“The human ego prefers knowing and being certain over being honest. ‘Don’t bother me with the truth, I want to be in control,’ it invariably says. Most people who think they are fully conscious or ‘smart’ and in control, have a big iron manhole cover over their unconscious. It does give them a sense of being right and in charge, but it seldom yields compassion, community, or wisdom.”
– Richard Rohr
If you want to encourage more compassion, start with “I don’t know.” Your vulnerability will signal to others that their vulnerability is ok, and normal. The other day, not knowing what to say to a sick friend, I somewhat shamefully Googled, “what to say to a sick friend.” It turns out that there are some very compassionate people in the world with more practice than me in being in those tough situations. My “I don’t know” led me to the help I needed.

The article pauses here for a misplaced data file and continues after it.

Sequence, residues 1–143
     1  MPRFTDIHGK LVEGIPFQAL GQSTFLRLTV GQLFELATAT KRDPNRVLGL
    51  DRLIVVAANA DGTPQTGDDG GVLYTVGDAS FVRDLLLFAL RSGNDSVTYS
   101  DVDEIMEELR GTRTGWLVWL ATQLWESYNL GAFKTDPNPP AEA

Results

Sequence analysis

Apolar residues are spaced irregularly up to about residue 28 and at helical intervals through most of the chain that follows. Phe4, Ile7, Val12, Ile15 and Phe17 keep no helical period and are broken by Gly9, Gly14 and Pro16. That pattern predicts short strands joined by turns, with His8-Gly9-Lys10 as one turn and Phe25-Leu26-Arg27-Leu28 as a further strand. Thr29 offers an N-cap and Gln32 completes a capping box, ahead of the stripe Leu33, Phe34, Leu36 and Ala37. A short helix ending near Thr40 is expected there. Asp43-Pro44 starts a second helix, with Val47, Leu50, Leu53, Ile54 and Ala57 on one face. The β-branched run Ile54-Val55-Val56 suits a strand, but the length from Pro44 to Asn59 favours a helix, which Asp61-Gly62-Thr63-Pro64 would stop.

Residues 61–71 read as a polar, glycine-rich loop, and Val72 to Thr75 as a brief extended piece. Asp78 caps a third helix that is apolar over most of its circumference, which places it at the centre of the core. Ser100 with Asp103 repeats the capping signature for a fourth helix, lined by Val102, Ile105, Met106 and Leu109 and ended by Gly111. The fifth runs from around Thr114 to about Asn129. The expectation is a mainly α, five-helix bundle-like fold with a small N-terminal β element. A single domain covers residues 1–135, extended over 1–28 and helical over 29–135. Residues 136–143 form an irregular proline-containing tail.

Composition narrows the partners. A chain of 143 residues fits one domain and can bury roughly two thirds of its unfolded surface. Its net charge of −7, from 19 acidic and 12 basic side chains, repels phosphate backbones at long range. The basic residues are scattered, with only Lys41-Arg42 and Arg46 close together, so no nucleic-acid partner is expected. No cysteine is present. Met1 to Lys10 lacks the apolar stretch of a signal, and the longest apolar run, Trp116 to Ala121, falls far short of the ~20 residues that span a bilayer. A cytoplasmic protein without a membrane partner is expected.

If you want to establish a stronger community, start with “I don’t know.” You will signal to others that it is the combination of your perspectives and experience that form a strong community. You will become an invitation for others to share what they have to offer. The leader of the band I’m a part of consistently asks for the group’s ideas about what music to perform and is always open to suggestions about how we can most successfully sing and play.
If you want to discover more wisdom, start with “I don’t know.” A momentary pause leaves space for more thoughtful consideration, for a deeper learning to take place. Early in my work as a leadership coach, I felt self-conscious pressure to fill in any gaps in the conversation. I have learned to pause and allow brief silences to serve as catalysts for my curiosity.
It’s tough to remove the manhole cover, and I’m not sure I will ever be rid of it entirely. But I have enough encouraging examples of ways I have learned to let go of being right, to let go of being in control.
I am reminded, again and again, that they all start with “I don’t know.”
DAVID BERRY is the author of “A More Daring Life: Finding Voice at the Crossroads of Change” and the founder of RULE13 Learning. He speaks and writes about the complexity of leading in a changing world. Connect with him on Twitter at @berrydavid.